As Bengaluru accounts for 1212 of the 1685 identity theft cases that were reported in 19 major cities nationwide last year, the city is now dubbed India’s IT (identity theft) capital.
On August 6 of last year, K Muralidhar, the High Court of Karnataka’s Public Relations Officer, received some WhatsApp messages urging him to purchase certain gift cards.
The phone number that sent the messages had a picture of the High Court’s acting Chief Justice as its “Display Picture.” Muralidhar complied and paid Rs 90,000 online for nine gift cards that were each worth Rs 10,000.
However, he didn’t receive any of the gift cards, and he quickly discovered that the WhatsApp messages had actually been sent by cybercriminals who had merely tricked him using the image of the acting Chief Justice.
The Sahitya Akademi president Chandrasekhara Kambar’s relatives and acquaintances were shocked earlier this year when they got a WhatsApp message from the renowned writer and poet requesting for immediate financial support to help him deal with an emergency.
Some of them made contact with Kambar, and it soon became apparent that thief had used his picture as the “Display Picture” on an unknown phone number and sent WhatsApp messages to those who had been in touch with him on social media platforms, obviously in an effort to con the trusting ones among them into paying money.
With “IT” now referring to “identity theft,” a felony punishable under Section 66C of the Information Technology Act, Bengaluru has become known as India’s “IT capital.”
According to the National Crime Records Bureau’s most recent data, Bengaluru accounted for 1212 of the 1685 identity theft cases that were reported in 19 major cities nationwide last year. Surat came in third with 109 instances, followed by Kanpur in distant second with 119 cases.
Murugesh Nirani, the state’s minister for large and medium-sized industries, and Shankar M. Bidari, a former director general and inspector general of the Karnataka police, were two more well-known victims of similar identity theft. Many other commoners were as well.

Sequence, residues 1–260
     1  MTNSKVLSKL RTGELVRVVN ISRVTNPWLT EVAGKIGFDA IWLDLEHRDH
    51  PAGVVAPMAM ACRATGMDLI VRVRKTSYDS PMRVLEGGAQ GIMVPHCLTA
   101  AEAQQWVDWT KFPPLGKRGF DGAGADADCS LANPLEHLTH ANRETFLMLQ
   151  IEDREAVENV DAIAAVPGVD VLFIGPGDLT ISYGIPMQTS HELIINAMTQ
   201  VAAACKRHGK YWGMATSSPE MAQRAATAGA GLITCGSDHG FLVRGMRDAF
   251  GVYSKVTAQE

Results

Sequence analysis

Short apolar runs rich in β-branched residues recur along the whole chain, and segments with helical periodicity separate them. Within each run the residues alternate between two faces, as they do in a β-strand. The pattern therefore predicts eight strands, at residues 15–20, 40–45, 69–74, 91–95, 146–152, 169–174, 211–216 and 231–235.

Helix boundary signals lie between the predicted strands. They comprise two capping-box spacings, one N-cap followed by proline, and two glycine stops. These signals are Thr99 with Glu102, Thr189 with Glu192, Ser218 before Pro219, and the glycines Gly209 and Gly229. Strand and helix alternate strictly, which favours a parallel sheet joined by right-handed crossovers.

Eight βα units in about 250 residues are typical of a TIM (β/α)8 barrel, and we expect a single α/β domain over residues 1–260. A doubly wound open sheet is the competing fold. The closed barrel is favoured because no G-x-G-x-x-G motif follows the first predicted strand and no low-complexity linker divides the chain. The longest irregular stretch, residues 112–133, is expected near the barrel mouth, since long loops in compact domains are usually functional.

The police officers say that it is important to view the city’s high number of identity theft cases as a good development because it encourages victims to report such crimes.
Despite the fact that many incidents are being reported, very few of them are ever solved. Most of the time, police are unable to apprehend offenders, and conviction rates are still low.
“Basically, cyber crimes are high here, because we have different kinds of population from all states. People are also fairly financially comfortable,” says M K Nagaraja, a retired police officer, who, was a victim of identity theft. “The criminals target people who have a lot of friends on social media. The policemen need proper training to investigate cyber crimes.”
The victims are now finding it simpler to report such crimes by calling 112 and taking advantage of the Cybercrime Incident Report feature, which was launched in December 2020, according to police commissioner C. H. Pratap Reddy.
“Our main focus is the conversion of the number of reports into registered crimes. We are proactively doing it,” he says.
The only approach to stop such crimes, according to Raman Gupta, Joint Commissioner of Police (Crime), is to introduce regulations for the issuance of SIM cards and the establishing of bank accounts.
In order to prevent the thieves from using the victims’ identities for financial advantage, the Bengaluru City Police is urging individuals to report identity theft as soon as they become aware of it.
According to Santosh Ram R, police inspector at the North-East CEN (Cyber-Economic-Narcotics) Crime station of the city, people can avoid identity theft by locking their social media accounts, using two-step authentication when logging in, and restricting who can see their WhatsApp “Display Picture” to contacts.
Criminalist and Supreme Court attorney T P Vipin is not shocked that Bengaluru is the city where the majority of identity theft cases in the nation are recorded. According to him, technology controls every aspect of city life and makes it simple for fraudsters to perpetrate crimes.
Officials from the state’s Criminal Investigation Department (CID) detained four people in Bharatpur, Rajasthan, in October 2020 for involvement in identity theft. In order to raise money, the group set up fake social media accounts in the names of well-known people, including police officers.
Ansar, Saddam, Balvinder Singh, and Saini were among those detained. Singh sold SIM cards as a distributor. To activate the SIM cards, he and Ansar would fake people’s Aadhaar cards. Saddam was receiving money into his bank accounts while Saini was producing fake Aadhaar cards. All four of the individuals are school and college dropouts.
They used to friend request potential victims using fake social media identities. Once the request was accepted, they used to ask for financial help.